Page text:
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What to Know About Facebook, Cambridge Analytica, and Trump

Everything You Need to Know About Facebook, Cambridge Analytica, and the 2016 Trump Campaign

A mousepad with the Facebook logo is seen at Facebook's new headquarters, designed by Canadian-born American architect Frank Gehry, at Rathbone Place in central London on December 4, 2017.Social media titan Facebook opened a new office in London on December 4, 2017, that is set to be its biggest engineering hub outside America, the company has announced. / AFP PHOTO / Daniel LEAL-OLIVAS        (Photo credit should read DANIEL LEAL-OLIVAS/AFP/Getty Images)

Update: On March 21, Facebook founder Mark Zuckerberg responded to the below allegations, saying, "We have a responsibility to protect your data, and if we can't, then we don't deserve to serve you."

Original post: Facebook is once again in the hot seat after it was revealed on March 17 that the social media platform released the personal information of 50 million users ahead of the 2016 presidential election — without permission.

The allegations are based on Facebook's involvement with Cambridge Analytica, a voter profiling company — backed by billionaire Robert Mercer and Brietbart's Steve Bannon — that harvested user information without permission as far back as 2014. News of this practice has been discussed in relationship to the Trump campaign since 2016, but thanks to an explosive New York Times exposé, the story is once again gaining international attention and concern. Most notable about the Times story is former Cambridge Analytica employee Christopher Wylie's insights, such as the fact that he revealed that Facebook had knowledge of the problem for years — and refused to acknowledge it publicly.

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The problem all stems from Cambridge Analytica's repeated attempts to target Facebook users by gleaning information about their identities — things like the pages users "liked" on Facebook and opinions they shared on the platform — in order to cater political advertising to them. The firm and those involved told Facebook — and 270,000 users who consented for their information to be obtained — that they were seeking data to be collected for use in academic research, but instead that data was actually used by the 2016 Trump campaign and other Republican efforts to effectively target voters via digital advertising.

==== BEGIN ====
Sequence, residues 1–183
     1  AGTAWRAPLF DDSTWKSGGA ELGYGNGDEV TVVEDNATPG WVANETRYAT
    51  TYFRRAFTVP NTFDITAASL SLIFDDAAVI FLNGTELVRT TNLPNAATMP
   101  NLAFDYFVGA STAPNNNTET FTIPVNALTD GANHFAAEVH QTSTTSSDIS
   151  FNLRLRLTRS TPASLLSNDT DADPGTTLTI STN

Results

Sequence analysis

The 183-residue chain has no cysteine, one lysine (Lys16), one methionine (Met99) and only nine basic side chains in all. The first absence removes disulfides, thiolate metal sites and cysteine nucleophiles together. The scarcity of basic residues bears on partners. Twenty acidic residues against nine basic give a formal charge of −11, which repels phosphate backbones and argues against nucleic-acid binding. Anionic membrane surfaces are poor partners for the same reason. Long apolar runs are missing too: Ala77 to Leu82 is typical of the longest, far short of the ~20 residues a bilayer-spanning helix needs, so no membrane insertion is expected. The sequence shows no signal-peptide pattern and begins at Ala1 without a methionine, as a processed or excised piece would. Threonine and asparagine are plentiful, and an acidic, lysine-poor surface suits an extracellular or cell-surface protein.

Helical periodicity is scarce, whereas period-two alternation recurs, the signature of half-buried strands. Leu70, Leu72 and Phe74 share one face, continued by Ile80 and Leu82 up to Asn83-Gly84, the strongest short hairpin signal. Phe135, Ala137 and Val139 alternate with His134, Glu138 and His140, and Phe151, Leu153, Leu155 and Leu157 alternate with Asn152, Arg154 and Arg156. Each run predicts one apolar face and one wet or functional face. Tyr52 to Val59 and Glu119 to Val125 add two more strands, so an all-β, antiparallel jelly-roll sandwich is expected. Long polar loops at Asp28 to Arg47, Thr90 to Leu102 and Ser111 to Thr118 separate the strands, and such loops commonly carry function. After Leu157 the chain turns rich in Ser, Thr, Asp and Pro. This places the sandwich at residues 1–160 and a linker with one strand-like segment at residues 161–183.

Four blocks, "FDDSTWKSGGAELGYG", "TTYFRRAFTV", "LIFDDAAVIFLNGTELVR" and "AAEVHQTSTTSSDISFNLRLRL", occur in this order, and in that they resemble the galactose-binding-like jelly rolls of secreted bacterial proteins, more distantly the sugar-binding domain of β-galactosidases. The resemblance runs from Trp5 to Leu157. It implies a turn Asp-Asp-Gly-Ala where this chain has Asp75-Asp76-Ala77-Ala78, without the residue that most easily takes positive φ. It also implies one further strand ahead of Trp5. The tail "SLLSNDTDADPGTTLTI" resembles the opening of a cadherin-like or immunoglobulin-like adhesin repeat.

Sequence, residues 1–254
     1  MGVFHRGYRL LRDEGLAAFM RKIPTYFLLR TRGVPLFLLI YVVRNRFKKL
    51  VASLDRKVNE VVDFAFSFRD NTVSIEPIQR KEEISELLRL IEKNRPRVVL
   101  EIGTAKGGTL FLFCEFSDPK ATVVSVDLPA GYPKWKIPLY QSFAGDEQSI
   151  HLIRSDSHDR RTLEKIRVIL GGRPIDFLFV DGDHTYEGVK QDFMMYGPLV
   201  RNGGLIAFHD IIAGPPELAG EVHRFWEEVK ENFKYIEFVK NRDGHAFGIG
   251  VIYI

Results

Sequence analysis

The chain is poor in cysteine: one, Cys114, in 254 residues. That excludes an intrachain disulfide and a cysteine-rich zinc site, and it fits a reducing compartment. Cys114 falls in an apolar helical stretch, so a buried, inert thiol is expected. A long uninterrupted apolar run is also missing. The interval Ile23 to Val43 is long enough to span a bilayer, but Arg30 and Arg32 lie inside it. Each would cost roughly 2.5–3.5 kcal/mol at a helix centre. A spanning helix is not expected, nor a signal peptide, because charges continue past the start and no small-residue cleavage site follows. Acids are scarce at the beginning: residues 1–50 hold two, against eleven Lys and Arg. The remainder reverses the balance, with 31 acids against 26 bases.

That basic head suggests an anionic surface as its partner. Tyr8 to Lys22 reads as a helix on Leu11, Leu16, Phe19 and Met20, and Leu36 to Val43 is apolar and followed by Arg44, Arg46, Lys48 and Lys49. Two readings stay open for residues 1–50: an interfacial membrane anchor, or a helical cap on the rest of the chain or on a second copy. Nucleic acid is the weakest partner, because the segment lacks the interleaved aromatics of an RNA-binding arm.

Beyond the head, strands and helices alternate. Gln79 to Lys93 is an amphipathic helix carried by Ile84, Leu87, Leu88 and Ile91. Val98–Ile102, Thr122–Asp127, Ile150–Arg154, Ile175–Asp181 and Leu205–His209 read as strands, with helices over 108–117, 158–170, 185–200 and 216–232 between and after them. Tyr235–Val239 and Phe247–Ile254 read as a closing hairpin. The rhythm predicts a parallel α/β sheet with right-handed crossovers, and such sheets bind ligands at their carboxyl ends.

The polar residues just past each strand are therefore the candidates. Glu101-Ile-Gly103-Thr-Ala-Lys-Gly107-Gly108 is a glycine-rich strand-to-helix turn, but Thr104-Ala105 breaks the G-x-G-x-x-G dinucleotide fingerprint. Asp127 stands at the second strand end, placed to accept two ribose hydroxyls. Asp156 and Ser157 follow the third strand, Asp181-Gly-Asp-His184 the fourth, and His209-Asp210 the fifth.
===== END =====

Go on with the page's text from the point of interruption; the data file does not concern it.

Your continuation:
The surfacing of this story has raised major questions by American and British lawmakers, many of whom have demanded that Facebook explain its role in data mining. Various voices have spoken out about this problem, including Sen. Amy Klobuchar, who asked for Facebook founder Mark Zuckerberg to testify before the Senate Judiciary Committee regarding "misusing data from 50 million Americans in order to target political advertising and manipulate voters." Vera Jourová, the justice commissioner for the European Union, echoed this sentiment in a tweet, saying simply, "Horrifying, if confirmed . . . We don't want this in the EU."

Wylie, who is seen as a major whistle-blower in this still-unfolding saga, is speaking out to various outlets about the problem in the hopes of illuminating the public — particularly Facebook users — about the usage of their personal data and politics. "This data was used to create profiling algorithms that would allow us to explore mental vulnerabilities of people and then map out ways to inject information into different streams," Wylie told Today on March 19. "This is a company that really took fake news to the next level." Wylie also stressed the ties between Cambridge and Corey Lewandowski, Donald Trump's 2016 campaign manager, who Trump fired due to his concerns about how he would handle campaigning nationally.

Facebook has long been held accountable for the platform's effect on the 2016 election, from spreading fake news to enabling Russian meddling. Today, the website has billions of users worldwide — with 1.4 billion active daily — and in America, Facebook is the most widely used social media platform, according to the Pew Research Center. Moreover, over two-thirds of American adults get their news from social media, thus highlighting the severity and reach of social networks in spreading information and the urgency behind the need to find solutions for this huge, ongoing threat to American democracy.

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